Third time, not such a charm.

I have to admit, I’m not one for big crowds, especially if it involves people on bicycles swaying from side to side. It’s the unpredictability that gets me. 

I do however love the vibe and comradery people have the ability to bring to events like the Cape Town Cycle Tour. Driving into the city at 05h30, I watch how the wind playfully pummels the trees on the N1 while my appetite for the 109 km ride drops somewhat. 

We meet up with a couple Dirt Addicts and the parking lot negotiations roll back and forth. While I’m not one to test wind, I suffer from chronic FOMO and regret.


Majority positive attitude wins, and we quickly find ourselves at the exciting, jam-packed, confused start shoots. 

Off we go. 

It’s exciting, the weather looks great, but I’m also not that naive. 

We pedal up the freeway, navigating the masses of our batch, chatting with familiar faces, and catching video memories for reels to be posted later.  The descent starts, and so does a healthy gust. I hold on tight and push my heels down like Biking in the Bosch taught me. I hope my MTB skills hold on the road. 

We make it down to the tree line where there’s shelter and the cruising starts. Legs feel good, as does the streetline gees.

Karin points out the cloud cover on the mountain tops. Yep, it’s going to get interesting soon. 


We turn from Tokai and head towards Muizenburg or Kalk Bay – I’m always confused by the area. I watch those in front as they round the corner and wobble a little. My heart does the same. 

I warn Juls, who I know is just as afraid of the wind. YES! We make the corner and speed up into a headwind. I think it’s a headwind.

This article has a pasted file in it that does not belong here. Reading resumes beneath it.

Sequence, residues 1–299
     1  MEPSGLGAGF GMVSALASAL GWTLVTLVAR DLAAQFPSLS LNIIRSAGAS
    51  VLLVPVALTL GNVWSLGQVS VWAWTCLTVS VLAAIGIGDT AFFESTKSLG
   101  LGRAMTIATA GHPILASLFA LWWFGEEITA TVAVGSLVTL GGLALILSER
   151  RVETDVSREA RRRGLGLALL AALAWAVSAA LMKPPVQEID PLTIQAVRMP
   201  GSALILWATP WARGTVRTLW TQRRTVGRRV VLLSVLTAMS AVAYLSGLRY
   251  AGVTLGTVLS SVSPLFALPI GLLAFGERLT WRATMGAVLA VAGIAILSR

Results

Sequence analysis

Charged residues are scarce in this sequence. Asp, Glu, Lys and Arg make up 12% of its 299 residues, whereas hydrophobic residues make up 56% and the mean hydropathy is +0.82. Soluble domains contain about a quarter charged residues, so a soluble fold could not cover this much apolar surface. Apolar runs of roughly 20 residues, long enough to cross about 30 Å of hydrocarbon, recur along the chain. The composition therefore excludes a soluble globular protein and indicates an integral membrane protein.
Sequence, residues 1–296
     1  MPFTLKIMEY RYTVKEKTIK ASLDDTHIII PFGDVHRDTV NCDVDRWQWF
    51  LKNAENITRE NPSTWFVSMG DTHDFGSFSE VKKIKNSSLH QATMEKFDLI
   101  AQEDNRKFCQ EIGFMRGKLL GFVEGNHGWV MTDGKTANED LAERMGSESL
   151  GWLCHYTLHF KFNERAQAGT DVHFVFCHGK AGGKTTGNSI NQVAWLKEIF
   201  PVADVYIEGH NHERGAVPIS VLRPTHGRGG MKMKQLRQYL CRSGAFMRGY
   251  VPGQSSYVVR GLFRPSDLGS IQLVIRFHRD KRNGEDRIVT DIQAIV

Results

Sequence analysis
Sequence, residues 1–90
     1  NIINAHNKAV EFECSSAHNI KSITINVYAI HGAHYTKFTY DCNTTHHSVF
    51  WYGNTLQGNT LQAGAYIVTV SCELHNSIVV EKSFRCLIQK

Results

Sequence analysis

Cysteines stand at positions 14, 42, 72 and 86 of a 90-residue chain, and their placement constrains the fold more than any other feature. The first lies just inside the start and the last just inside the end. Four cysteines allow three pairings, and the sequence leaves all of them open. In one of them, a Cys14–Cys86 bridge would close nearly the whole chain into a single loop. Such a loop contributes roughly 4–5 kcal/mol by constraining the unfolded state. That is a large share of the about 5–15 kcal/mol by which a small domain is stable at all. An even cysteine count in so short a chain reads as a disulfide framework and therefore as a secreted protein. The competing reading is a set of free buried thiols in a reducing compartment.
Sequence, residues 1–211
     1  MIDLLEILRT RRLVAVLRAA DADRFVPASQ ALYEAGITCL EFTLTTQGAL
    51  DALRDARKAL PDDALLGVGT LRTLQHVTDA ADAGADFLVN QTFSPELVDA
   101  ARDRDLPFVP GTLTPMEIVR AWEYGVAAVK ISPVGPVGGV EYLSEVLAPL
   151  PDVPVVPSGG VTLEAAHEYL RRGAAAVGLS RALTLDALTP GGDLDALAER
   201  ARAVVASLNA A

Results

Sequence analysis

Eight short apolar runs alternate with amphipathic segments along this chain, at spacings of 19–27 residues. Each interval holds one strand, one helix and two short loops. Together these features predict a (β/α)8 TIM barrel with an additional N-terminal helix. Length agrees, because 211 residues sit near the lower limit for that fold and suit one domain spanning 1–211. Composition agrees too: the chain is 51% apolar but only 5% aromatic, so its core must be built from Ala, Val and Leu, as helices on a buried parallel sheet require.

There are cyclists of every ability heading in the same direction. Or sort of at least. A couple seem to prefer the swerving motion which I’m sure qualifies them into a different skill ability. 

The spectators line the streets. This is lekker, I think to myself and I try to spot anyone I may know. 

Juls has found her groove and speeds up to catch Karin, who is expertly navigating the chaos. I slack off to join Sam who has dropped a little. 


We find ourselves shoulder to shoulder, pushing on down the long street. I mentally prepare myself for the climb that lays a couple kilometers down the road as Sam reaches for a snack out her back pocket. 

I catch her movement out of the corner of my eye. At the same time I hear someone shout, keep your hands on the bars. Mine are. 

At that moment I felt a tug. The building that was sheltering us is gone and Sam, once next to me, is headed below me.

Shit! This is going to end badly.

It takes a second and I’m on the ground.

It takes another moment to gather myself. The pain that is serging through the shoulder that already has a plate in takes another moment.


Shit! Am I hurt, is Sam hurt? How’s my bike? 

I know I’ve hit my head but I realize I can get up. Unlike the last time. I look at Sam’s face. She seems okay but it’s filled with terra. 

The marshalls divert people around us as we try to get to the side of the road. Head racing, I’m trying to make sense of what needs to happen. 

Anja and Megan stop. I watch familiar faces ride by looking concerned. We check the bikes to see what the damage is. Stuck chain, derailleur blah blah, there’s a bike shop right there. 

Sam and I head over for help. What luck!

I realize I have a searing headache and realize it’s probably not a good thing, especially with 80 km to go till the finish. What now? 

The bikes get sorted pretty quickly and the gals ask what I want to do. I check how Sam is. She says she’s okay but the look hasn’t left her face. 

I take stock of how I feel. My shoulder is already stiff so I get the first aiders to check me over but I already know it’s not wise to carry on. 

The girls ask if they should stay with me but I don’t want them to give up their race for me so I send them off to enjoy the wind. I sort of smile but the FOMO is real. 

Now the next problem. How do I get back without waiting 6 hours for the sweep shuttle? 

That’s a longer story.

In short, I got back to the finish before the others and Sam and I are both fine. So are our bikes, sort of.

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